What is Exenatide?

Misty Amber Brighton

Exenatide, also known as byetta, is an injectable drug that helps raise insulin levels while lowering the blood sugar. It is normally given to patients with type 2 diabetes, a disease characterized by high amounts of glucose in the bloodstream, who also have a heavy tolerance for artificial insulin. The drug is administered by injecting it under the skin near the abdomen, thigh, or bicep. A physician often prescribes this medication after changes in diet or oral diabetes drugs do not produce the desired results.

A person with type 2 diabetes is typically instructed to inject Exenatide twice daily.
A person with type 2 diabetes is typically instructed to inject Exenatide twice daily.

This medication acts as a stimulant for the pancreas, causing it to produce higher levels of insulin. In many cases, the insulin production is leveled out as blood sugar levels return to a healthy range. For this reason, patients who use exenatide are often able to keep their glucose levels consistent throughout the day, especially after eating a large meal.

Exenatide is delivered in the form of a pre-filled injector that somewhat resembles a sharp-edged pen. Each pen may contain either five or ten micrograms of medication. The smaller dosage is normally given to patients who do not show a great deal of fluctuation in glucose levels. It can be increased as the disease progresses, or if a tolerance to the drug develops.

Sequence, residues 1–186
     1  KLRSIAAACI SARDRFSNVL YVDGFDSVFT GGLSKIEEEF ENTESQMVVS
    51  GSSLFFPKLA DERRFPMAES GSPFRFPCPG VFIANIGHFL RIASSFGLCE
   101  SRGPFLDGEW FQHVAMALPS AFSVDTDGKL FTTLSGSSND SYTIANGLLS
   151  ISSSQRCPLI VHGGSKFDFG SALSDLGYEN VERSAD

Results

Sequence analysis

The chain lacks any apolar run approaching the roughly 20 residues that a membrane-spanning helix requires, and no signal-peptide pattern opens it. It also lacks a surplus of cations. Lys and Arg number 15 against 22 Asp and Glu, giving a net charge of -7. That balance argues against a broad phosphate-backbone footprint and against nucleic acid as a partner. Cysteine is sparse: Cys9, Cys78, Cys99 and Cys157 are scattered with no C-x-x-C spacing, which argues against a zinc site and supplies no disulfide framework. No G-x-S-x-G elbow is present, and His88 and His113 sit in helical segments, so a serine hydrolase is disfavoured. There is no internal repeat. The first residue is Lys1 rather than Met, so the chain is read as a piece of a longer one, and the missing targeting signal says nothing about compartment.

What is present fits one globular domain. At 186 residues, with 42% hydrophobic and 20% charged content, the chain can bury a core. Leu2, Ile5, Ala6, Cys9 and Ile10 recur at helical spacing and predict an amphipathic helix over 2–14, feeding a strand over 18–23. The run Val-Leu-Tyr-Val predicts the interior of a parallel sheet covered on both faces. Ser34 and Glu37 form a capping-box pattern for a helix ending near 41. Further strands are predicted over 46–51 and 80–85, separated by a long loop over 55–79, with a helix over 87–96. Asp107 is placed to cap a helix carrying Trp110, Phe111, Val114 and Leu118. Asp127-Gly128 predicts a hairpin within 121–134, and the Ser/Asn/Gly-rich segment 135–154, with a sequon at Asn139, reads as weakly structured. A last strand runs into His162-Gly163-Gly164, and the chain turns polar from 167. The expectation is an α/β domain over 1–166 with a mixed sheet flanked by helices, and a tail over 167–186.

A diabetic may inject this substance one or two times daily. He normally does so by placing the needle end just underneath the skin and depressing the top of the injector until the solution is completely dispensed. It is normally injected in the upper part of the arm or leg, but can also be administered into the stomach.

Exenatide should be refrigerated between 36 and 46 degrees F (2 to 8 C). Even so, it should not be frozen. People who are using exenatide should be mindful of the expiration date, and be sure to use any opened portions within 30 days.

A few side effects may occur while using exenatide. Some of the more common include a change in blood pressure, diarrhea, or a rash at the injection site. Individuals who experience these symptoms should advise their health care provider as soon as possible.

People who use exenatide often report they are able to control their diabetes more effectively when using this drug as opposed to other diabetic medications. Patients are normally able to manage their weight better as well, which can also help keep glucose levels steady. For these reasons, diabetics may want to discuss this treatment option with their physician.

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